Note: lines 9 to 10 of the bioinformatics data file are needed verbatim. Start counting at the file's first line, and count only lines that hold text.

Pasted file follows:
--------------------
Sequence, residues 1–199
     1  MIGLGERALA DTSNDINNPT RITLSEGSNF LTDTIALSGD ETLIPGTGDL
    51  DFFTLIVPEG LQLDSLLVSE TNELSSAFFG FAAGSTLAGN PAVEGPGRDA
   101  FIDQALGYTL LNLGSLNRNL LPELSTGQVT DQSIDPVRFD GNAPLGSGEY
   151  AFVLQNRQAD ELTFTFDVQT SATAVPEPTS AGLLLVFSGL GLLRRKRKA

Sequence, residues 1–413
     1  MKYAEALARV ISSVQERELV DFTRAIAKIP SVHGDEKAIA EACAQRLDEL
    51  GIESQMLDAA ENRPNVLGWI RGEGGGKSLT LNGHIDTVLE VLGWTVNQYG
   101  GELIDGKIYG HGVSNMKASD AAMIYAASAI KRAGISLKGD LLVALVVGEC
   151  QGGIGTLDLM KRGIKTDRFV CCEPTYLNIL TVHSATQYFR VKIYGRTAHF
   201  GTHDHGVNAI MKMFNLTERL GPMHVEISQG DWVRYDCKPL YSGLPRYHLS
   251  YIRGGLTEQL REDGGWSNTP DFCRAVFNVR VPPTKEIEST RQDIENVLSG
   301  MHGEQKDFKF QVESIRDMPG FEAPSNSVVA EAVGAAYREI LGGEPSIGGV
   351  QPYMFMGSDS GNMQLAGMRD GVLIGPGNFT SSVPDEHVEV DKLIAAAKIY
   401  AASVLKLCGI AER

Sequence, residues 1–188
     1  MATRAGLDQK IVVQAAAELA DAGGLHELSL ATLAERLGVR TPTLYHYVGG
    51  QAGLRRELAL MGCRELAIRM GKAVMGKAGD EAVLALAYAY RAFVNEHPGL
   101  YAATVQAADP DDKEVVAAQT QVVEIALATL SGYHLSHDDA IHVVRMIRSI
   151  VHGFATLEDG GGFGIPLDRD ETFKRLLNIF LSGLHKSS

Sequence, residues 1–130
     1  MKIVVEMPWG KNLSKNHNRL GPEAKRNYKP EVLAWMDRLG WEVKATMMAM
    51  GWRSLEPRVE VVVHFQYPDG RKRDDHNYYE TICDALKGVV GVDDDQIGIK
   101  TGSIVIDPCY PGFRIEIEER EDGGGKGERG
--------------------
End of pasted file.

   101  GELIDGKIYG HGVSNMKASD AAMIYAASAI KRAGISLKGD LLVALVVGEC
   151  QGGIGTLDLM KRGIKTDRFV CCEPTYLNIL TVHSATQYFR VKIYGRTAHF